Aaron Rodgers: Focus On Legacy Not Random Fans
Aaron Rodgers took time out of his offseason schedule this week to bash a fan who had ripped his use of hard counts. While the criticism was silly, it was nice to know that Rodgers has such pressing matters on his mind. Rodgers will turn 33 in December and the clock is ticking on his push to be a multi-Super Bowl winner.
Green Bay fans have seen this movie before. Brett Favre started his Hall of Fame career in Green Bay in 1992 and played there through 2007. The Packers, after winning the Super Bowl in 1996 appeared to have more ahead of them. But they didn’t. Rodgers took over in 2008 and by 2010 the franchise had another ring. There appeared to be more ahead of them, especially when they won the first 13 games of 2011.
That season ended in bitter disappointment though and since then the Packers have spent their Januarys getting ousted by the NFC West—San Francisco in 2012 and 2013, Seattle in 2014 and Arizona in 2015.
It all brings up a question and it’s this—would Rodgers’ time in Green Bay be a disappointment if they fail to win a second Super Bowl? It’s a question that has obvious subtext and it’s whether Favre’s run in Lambeau was a disappointment for that same reason.
How you answer goes right to the heart of the question of just how important the quarterback is to a team’s ultimate success. If you hold the QB accountable for wins and losses then the inability of the Packers to turn the Rodgers era into at least two Super Bowl rings would have to count as a significant failure. But I think football is just too complex for that.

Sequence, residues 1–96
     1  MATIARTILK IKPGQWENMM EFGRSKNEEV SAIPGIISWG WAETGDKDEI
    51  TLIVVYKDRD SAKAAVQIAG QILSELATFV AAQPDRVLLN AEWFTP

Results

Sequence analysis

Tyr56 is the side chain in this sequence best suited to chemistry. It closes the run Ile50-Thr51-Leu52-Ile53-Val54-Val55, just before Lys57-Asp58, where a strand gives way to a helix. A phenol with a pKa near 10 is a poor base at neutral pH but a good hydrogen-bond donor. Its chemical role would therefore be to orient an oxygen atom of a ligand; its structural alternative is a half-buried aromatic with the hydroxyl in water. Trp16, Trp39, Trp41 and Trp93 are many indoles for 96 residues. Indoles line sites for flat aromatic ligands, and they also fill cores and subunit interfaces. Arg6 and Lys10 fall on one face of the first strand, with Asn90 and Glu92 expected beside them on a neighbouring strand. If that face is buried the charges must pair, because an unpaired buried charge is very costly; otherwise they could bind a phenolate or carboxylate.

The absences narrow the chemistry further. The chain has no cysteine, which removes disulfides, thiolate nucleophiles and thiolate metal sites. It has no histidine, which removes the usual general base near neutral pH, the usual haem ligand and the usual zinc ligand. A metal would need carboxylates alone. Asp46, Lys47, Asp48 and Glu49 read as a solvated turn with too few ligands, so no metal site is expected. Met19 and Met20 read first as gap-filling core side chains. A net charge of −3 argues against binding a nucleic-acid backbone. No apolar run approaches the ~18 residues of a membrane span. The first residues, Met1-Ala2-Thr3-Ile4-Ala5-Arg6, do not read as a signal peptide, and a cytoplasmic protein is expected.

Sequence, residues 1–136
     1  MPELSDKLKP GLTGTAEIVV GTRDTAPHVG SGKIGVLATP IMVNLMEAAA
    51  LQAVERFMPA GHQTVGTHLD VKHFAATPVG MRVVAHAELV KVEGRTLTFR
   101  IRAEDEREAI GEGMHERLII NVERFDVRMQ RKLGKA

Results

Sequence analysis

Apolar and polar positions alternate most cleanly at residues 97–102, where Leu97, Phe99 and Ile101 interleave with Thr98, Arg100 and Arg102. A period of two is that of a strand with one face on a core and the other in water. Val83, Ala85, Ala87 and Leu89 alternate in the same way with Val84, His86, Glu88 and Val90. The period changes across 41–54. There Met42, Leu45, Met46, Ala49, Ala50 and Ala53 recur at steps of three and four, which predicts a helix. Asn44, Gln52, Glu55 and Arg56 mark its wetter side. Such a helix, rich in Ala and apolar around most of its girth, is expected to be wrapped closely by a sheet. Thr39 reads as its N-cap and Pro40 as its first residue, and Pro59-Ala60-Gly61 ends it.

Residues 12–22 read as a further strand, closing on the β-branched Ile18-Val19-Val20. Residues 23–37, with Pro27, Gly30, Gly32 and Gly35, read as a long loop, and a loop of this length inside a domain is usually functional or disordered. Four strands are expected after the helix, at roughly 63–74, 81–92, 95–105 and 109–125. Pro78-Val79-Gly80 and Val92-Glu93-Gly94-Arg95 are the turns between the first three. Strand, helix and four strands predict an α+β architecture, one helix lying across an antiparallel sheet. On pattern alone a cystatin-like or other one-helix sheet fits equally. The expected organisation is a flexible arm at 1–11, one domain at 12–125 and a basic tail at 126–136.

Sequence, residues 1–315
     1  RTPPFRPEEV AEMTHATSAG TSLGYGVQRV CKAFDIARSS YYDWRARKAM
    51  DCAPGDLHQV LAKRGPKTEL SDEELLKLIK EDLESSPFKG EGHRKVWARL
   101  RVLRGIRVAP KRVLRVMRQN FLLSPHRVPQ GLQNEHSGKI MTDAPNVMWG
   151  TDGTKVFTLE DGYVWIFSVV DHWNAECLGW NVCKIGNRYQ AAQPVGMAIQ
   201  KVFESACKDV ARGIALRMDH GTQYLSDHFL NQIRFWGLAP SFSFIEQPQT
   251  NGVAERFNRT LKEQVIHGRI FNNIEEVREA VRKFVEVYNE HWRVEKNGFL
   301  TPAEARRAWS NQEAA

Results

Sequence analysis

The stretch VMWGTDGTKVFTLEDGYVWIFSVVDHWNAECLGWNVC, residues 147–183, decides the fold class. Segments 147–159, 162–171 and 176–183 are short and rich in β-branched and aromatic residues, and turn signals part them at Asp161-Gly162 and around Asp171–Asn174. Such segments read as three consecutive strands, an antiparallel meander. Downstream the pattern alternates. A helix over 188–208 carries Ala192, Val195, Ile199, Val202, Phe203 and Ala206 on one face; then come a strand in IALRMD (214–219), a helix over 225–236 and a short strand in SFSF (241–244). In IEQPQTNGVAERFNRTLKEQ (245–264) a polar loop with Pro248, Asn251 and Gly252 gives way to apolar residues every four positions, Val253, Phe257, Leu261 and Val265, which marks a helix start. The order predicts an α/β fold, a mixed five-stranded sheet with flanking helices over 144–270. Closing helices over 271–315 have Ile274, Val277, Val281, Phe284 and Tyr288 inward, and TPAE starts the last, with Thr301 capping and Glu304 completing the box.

“The most important position in sports” is how an NFL quarterback is often described. But why? How is a quarterback—one of 22 players on the field at a given time more important than the best player on a basketball team, who is one of 10 players and can impact the game on both offense and defense. The best player on the floor tends to win more often than not in hoops. Not so in football, where the game is much more nuanced. It’s reasonable to measure LeBron James by rings. Less so with Aaron Rodgers.
Having said that, an elite quarterback does tend to assure teams of at least getting to the playoffs and more often than not to the round of eight. That leaves three games to win. If a team goes through an entire career and only gets those three wins one time, that is a little disappointing. I would put it at the feet of the organization as a whole more than the quarterback, but it is a letdown. Not a failure—that’s too harsh—but a disappointment.
That answers the question about Aaron Rodgers and Brett Favre individually, but when you combine the two for Packer fans, the disappointment becomes deeper. Green Bay will have about thirty years being quarterbacked by great quarterbacks. Favre is already in the Hall of Fame and Rodgers is almost certainly headed there. To get as many Super Bowl wins combined in that time period as the New York Giants got with Eli Manning can’t be seen as a good thing.
Rodgers still has at least five good years ahead of him, maybe more with the way the game continually changes to protect its quarterbacks. It’s hardly unthinkable that Green Bay could win two of the next three Super Bowls, become a dynasty and change this whole conversation entirely. But the quarterback is no spring chicken anymore and he has bigger things to focus on then whether some random fan approves of hard counts.